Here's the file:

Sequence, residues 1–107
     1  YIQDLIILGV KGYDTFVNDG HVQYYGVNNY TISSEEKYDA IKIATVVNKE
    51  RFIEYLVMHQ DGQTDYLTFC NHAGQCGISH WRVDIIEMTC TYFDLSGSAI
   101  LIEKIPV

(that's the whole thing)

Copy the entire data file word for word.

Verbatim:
Sequence, residues 1–107
     1  YIQDLIILGV KGYDTFVNDG HVQYYGVNNY TISSEEKYDA IKIATVVNKE
    51  RFIEYLVMHQ DGQTDYLTFC NHAGQCGISH WRVDIIEMTC TYFDLSGSAI
   101  LIEKIPV